Deke's Techniques 292: Enlarging a Low-Res Photograph in Photoshop

Enlarging a low resolution photograph in Photoshop

In this week's free and mightily useful episode of Deke's Techniques, Deke shows you how to enlarge a low resolution photograph inside Photoshop. Not only does he show you the results of using Photoshop CC's new Image Size dialog box, but he also concocts a formula for users of CS6 and CS5 to upsample with the same success as if you'd used the newer version of Photoshop. 

Either way, you'll have a poster-ready version of your photograph, suitable for wherever poster-sized images are appropriate. (Oh, and if you're interested in enlarging a layered composition, see Deke's Techniques 288 from a few weeks back to upsample your enlarging knowledge.) 

For members of, Deke's got an exclusive movie this week in which he uses the Image Trace feature in Illustrator to create an enlargement of this very same low res photo. It's a completely different approach that yields different, but equally viable, results when returned to Photoshop as a placed image.

If you're not a member of, you can get a free week's trial to watch the exclusive movie, as well as nearly 300 other movies in the Deke's Techniques collection. (Not to mention thousands of other courses by Deke and the other talented authors.) Just go to and learn away! Read more » 

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Get New Fonts to Work with via Typekit (and Your Creative Cloud Subscription)

(Perhaps the headline should read "Get New Fonts to Play with," because you and I both know that's what font geeks, and anyone enchanted by typography, like to do. Yeah, I'm watching you, dekeTypographiliacs.)

Last week's update to Creative Cloud finally brought access to Typekit's library of fonts for desktops everywhere. This means that, with your CC subscription, you can now pop over to Typekit and grab up typefaces from their rich library to use in your Photoshop, InDesign, Lightroom, etc. projects. 

Installing these fonts is a pain-free exercise. You can watch Deke's demonstration of just how easy it is to install a new font from his new Introducing Illustrator course (via an unlocked movie at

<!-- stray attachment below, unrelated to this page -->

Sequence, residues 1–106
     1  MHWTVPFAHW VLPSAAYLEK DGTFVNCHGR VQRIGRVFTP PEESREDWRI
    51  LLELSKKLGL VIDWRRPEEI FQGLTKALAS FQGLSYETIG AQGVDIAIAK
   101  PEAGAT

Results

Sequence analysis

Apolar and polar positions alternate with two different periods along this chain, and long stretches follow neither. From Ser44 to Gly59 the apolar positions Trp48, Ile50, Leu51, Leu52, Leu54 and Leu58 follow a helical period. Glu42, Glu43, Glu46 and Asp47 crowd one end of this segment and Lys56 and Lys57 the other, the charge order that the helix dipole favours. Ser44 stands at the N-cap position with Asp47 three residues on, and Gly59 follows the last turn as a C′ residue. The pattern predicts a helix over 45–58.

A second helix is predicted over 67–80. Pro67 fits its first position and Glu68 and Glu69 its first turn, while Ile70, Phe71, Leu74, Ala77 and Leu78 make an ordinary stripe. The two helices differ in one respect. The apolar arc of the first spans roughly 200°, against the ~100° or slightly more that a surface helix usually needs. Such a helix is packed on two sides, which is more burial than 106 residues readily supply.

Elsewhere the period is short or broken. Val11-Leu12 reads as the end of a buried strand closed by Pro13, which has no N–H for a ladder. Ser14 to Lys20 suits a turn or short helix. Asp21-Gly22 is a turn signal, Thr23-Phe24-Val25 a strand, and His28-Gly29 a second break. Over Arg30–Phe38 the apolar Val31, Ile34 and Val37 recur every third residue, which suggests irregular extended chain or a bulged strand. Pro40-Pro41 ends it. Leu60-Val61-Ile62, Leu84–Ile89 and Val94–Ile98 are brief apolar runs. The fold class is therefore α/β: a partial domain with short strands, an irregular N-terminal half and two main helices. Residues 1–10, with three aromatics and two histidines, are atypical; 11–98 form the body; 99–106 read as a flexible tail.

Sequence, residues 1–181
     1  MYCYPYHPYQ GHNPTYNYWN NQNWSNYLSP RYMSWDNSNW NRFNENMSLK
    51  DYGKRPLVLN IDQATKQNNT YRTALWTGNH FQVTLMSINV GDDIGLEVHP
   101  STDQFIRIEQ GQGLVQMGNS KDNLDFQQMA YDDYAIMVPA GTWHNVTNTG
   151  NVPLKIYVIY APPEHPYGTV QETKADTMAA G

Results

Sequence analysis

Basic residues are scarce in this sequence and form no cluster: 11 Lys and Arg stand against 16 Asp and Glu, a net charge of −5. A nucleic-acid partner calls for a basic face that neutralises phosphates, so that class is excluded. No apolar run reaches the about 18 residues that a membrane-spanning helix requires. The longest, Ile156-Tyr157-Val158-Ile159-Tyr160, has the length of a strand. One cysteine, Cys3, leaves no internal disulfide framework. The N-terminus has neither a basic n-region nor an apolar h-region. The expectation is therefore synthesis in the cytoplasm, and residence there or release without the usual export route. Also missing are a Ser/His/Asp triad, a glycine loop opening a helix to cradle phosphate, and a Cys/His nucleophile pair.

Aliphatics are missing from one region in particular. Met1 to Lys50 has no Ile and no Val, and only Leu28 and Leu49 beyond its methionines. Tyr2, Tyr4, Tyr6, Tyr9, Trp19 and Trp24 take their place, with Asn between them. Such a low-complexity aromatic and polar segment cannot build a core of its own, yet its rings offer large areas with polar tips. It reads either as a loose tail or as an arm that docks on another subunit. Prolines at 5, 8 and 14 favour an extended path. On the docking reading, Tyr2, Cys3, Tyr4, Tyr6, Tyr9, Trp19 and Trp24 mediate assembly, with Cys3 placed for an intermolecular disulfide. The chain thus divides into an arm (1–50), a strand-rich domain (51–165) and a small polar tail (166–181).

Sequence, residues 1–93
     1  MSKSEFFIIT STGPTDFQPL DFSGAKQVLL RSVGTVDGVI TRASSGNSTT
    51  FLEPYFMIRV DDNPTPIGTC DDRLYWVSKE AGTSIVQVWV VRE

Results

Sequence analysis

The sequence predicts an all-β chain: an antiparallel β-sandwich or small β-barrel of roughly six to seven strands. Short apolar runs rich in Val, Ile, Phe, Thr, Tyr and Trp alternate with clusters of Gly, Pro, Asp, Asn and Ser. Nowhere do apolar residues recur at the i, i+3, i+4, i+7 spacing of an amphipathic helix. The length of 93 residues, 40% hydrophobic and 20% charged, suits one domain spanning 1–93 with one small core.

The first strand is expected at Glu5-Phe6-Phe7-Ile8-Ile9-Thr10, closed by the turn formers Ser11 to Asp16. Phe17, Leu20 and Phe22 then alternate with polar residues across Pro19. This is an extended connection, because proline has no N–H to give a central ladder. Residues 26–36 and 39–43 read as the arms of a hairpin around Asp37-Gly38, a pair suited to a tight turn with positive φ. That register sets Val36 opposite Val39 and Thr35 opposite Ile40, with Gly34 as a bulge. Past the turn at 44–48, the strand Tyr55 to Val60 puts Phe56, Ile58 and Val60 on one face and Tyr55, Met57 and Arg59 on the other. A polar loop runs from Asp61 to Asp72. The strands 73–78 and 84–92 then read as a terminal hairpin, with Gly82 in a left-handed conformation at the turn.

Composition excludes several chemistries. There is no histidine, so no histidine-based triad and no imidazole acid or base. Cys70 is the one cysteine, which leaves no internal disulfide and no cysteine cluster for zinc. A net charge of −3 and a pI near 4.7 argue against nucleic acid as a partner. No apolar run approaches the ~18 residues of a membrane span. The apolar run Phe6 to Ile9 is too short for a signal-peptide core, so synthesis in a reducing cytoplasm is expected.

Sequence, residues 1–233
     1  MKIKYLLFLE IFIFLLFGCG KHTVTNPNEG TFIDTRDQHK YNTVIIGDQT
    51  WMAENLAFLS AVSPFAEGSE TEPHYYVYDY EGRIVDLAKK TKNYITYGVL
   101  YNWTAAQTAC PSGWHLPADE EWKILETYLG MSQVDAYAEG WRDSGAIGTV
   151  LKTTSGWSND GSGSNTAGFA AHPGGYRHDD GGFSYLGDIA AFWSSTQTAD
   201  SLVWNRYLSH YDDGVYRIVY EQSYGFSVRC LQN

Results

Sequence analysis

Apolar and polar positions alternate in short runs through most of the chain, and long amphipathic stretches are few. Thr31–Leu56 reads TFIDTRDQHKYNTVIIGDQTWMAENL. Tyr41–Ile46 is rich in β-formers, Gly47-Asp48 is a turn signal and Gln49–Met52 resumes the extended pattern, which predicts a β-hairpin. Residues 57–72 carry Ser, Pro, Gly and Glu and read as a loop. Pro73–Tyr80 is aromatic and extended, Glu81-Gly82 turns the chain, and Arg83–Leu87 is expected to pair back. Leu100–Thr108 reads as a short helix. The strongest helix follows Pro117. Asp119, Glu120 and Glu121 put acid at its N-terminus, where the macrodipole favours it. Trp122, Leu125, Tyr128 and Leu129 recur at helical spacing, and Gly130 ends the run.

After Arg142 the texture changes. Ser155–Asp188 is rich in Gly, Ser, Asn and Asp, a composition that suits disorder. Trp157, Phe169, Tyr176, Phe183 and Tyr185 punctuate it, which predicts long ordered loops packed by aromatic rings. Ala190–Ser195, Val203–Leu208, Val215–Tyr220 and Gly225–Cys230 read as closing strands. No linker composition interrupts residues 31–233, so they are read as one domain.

Although synced Typekit fonts will work with all your Adobe desktop applications (and I have even seen my synced font in Pages, as well), the integration works particularly efficiently in InDesign and Illustrator. In fact, one of the most thrilling aspects of this immediate access to new fonts is avoidance of the dreaded pink Missing Font highlight in your InDesign document. You know the one; if you haven't experienced this before, here's a screenshot of my most recent encounter with this horrifyingly pepto-colored phenomenon: 


Somebody send me Museo, stat. Fortunately, in the Missing Font dialog box that accompanies this horror, you have the immediate choice to sync to Typekit fonts you may be lacking: 

And both InDesign and Illustrator have easy access to the Typekit library in their font-related popup menus, via a handy green button that appears when you're using a typeface field. You can also filter your typefaces to see only fonts that came from Typekit. Here's what it looks like in the Type options bar in Illustrator: Read more » 

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Deke's Techniques 288: Upsampling a Layered Composition in Photoshop

Upsampling a Layered Composition in Photoshop

In this week's free episode of Deke's Techniques, Deke explains the fine art of upsampling a layered composition. When you make an image larger in this way, you're instructing Photoshop to make new pixels. And how those new pixels are created will effect the quality of your new, larger image. 

Although the new Image Size dialog box has a wonderful resizable preview window---which will give you an exact prediction for upsampling a simple flat photograph---the preview contained therein is going to be wildly inaccurate for a layered file with myriad types of layers.